Employers will have to be “flexible” with parents whose children have to learn from home when schools return, the education secretary has said.
John Swinney said the Scottish Government is still “wrestling” with issues such as how the children of parents who have to go out to work – such as NHS staff – will be home-schooled from August.
The Scottish Government’s plan for easing lockdown measures – if the spread of coronavirus is controlled – would see schools open on August 11 with a combination of in-school teaching and at-home learning.
However, this model has caused concern for parents who are unable to work from home.
Swinney did not explain how the child of two frontline NHS workers would be taught at home, but said: “Our route map is predicated on lots more people continuing to work from home to contribute towards the work of their employers.
“We are not going to return to a pre-Covid normal of how schools or businesses operate.
“What this will require is employers to be flexible about the way in which they’re asking their employees to engage in work.”
Asked about the logistics of the plan, Swinney said he and economy secretary Fiona Hyslop are “wrestling with some of these questions with the First Minister”.
Speaking to the BBC, he said the aim is to “make sure that business and education and other aspects of the community are working harmoniously as we adapt to what’s a really difficult situation”.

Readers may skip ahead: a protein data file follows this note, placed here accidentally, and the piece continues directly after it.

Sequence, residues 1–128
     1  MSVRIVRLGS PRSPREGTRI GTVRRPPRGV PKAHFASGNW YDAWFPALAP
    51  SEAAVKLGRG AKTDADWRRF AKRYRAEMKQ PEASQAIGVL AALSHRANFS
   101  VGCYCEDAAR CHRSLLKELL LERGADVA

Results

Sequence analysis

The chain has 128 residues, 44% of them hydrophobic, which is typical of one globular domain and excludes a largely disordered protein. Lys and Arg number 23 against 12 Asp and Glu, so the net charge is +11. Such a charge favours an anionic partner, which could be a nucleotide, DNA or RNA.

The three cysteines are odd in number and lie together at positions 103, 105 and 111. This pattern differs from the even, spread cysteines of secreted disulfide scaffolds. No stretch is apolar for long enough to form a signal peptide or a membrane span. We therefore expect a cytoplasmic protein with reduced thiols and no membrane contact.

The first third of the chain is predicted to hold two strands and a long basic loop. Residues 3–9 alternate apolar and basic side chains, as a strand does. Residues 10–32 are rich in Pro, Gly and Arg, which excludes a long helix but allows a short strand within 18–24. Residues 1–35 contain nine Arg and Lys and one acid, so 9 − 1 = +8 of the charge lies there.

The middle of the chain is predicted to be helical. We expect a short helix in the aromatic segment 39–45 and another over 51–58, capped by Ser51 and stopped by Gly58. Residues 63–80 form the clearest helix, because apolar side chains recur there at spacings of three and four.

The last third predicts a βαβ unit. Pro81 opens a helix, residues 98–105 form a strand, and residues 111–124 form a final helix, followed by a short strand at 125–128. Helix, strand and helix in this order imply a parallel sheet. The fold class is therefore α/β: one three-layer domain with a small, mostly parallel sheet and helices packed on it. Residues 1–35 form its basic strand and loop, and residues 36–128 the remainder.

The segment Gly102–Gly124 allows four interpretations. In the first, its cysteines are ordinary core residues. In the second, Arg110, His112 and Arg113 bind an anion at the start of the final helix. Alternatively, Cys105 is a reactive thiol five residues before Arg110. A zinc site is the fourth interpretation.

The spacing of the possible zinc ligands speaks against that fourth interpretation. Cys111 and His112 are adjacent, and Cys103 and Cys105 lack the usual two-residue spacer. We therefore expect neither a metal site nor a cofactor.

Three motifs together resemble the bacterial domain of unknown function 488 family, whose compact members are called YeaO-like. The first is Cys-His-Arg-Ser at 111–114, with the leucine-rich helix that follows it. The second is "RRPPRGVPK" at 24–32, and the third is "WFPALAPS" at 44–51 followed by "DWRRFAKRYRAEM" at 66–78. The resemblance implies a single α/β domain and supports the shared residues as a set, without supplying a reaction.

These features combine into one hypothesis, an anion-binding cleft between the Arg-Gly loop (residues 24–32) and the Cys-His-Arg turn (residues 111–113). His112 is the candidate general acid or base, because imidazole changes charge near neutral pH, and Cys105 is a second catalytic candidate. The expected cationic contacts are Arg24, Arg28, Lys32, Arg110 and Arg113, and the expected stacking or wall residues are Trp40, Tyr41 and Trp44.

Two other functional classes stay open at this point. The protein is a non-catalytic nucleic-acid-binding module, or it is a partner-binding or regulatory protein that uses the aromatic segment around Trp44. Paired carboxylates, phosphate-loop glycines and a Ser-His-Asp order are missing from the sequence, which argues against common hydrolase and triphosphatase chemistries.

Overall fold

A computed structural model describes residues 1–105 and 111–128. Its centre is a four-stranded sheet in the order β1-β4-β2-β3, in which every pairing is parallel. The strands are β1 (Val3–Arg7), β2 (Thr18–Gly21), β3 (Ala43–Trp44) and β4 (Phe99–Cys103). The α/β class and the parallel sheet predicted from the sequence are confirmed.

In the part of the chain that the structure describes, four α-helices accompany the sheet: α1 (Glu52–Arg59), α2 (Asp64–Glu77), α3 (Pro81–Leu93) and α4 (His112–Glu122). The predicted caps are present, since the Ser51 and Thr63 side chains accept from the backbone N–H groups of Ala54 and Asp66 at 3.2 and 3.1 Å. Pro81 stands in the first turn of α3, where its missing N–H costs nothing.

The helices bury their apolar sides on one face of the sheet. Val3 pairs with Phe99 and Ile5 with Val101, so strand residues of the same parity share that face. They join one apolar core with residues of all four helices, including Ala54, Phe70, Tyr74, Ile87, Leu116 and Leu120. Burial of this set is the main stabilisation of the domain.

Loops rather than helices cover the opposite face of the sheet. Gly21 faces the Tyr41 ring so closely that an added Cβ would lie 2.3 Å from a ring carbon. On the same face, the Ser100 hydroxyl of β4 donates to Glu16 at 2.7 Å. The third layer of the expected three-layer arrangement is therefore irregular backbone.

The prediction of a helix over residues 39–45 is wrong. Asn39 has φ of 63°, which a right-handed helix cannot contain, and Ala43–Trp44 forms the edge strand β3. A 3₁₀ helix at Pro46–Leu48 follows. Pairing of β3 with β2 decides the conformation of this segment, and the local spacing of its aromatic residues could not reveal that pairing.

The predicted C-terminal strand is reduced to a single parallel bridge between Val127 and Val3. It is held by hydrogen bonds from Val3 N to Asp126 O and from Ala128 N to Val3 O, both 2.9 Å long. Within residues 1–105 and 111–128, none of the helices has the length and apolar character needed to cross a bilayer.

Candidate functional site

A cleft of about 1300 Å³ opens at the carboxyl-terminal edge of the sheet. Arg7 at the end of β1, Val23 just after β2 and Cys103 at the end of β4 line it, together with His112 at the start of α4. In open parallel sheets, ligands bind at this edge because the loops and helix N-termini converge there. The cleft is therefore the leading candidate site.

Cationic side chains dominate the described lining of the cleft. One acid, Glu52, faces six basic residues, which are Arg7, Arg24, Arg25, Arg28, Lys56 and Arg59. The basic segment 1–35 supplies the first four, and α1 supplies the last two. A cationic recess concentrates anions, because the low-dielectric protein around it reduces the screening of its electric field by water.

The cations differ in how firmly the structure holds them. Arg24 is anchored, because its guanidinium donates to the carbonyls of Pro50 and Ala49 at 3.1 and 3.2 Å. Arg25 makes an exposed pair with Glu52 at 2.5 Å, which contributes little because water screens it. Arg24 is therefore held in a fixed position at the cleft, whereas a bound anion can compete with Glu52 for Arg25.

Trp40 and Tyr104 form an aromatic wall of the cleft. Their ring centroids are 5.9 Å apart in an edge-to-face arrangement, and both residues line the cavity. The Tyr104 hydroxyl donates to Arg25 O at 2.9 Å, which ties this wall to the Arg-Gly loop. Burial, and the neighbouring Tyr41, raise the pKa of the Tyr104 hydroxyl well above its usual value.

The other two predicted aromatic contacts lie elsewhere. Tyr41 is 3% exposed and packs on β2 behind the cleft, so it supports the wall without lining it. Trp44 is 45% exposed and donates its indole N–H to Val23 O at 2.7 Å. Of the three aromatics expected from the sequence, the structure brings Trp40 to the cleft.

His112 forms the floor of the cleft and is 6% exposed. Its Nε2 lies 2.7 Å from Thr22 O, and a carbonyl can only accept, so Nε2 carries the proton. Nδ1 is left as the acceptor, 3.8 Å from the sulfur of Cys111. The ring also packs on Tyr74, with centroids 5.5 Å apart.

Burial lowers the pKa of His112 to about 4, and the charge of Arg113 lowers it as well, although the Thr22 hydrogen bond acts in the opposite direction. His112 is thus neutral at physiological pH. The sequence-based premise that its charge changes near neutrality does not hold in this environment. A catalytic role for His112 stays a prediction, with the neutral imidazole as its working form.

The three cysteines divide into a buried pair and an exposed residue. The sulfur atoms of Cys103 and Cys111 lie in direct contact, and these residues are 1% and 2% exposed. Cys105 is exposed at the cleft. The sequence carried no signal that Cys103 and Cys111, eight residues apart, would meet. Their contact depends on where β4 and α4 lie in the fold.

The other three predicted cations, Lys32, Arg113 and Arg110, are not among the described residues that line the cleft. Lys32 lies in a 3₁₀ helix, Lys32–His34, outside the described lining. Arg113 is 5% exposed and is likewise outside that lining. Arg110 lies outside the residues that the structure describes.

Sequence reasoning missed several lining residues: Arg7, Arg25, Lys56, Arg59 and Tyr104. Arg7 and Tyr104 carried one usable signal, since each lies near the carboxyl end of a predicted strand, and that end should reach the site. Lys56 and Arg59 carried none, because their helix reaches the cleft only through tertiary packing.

Swinney was also challenged on Scotland’s test, trace and isolate (TTI) with 600 contact tracers known to have been hired so far – well short of the government’s target for 2000 by June.
“I’m sure every effort will be made to increase the numbers,” he answered.
“But 600 is a good contingent of numbers to have in place to begin the work on contact tracing.
“Contact tracing is only valuable where you have suppressed the level of coronavirus in the community to be able to manage all of those contacts and to pursue them.
“So we will have the resources in place to do that so that we can take forward the test and protect strategy that the First Minister outlined yesterday, and that will be an integral part in supporting the decisions that we can take under the route map to further relax the constraints that people are operating under.”
Swinney also defended health secretary Jeane Freeman over accusations that she has lost the trust of the public after it emerged that 921 hospital patients were discharged to care homes before compulsory Covid-19 testing was enforced – significantly more than previously stated.
He said: “I think any dispassionate observer would recognise that nobody could have given more commitment to leading the health service during this pandemic than Jeane Freeman.”